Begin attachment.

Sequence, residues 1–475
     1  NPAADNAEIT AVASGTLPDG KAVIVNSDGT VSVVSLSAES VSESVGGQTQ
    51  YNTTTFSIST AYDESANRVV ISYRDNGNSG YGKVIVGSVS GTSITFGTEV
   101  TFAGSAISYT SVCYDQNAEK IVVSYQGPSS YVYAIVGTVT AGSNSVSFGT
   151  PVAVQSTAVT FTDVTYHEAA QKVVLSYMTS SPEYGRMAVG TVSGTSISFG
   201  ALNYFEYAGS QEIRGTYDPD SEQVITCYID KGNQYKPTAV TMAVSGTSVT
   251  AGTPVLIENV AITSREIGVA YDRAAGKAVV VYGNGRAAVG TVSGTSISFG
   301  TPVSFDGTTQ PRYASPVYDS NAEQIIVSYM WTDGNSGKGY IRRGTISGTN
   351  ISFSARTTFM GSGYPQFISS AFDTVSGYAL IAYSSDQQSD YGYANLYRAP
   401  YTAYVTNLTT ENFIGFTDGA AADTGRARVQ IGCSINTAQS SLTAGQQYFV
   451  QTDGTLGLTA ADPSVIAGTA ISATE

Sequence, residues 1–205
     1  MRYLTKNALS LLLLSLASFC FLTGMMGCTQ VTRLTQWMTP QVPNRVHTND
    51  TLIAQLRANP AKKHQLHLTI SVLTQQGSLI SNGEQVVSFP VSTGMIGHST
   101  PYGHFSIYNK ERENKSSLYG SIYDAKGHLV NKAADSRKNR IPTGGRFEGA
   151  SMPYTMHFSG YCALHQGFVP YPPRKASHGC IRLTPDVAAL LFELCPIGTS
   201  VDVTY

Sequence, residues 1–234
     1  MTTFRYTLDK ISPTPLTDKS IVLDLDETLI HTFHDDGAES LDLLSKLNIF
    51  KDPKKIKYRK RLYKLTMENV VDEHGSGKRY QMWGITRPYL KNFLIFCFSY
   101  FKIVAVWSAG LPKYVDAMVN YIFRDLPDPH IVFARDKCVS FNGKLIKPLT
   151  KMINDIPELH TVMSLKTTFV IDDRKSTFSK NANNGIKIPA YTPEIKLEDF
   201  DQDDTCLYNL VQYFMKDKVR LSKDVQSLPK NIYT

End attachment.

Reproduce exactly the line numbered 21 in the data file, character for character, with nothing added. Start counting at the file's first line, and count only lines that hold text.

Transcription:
   101  FKIVAVWSAG LPKYVDAMVN YIFRDLPDPH IVFARDKCVS FNGKLIKPLT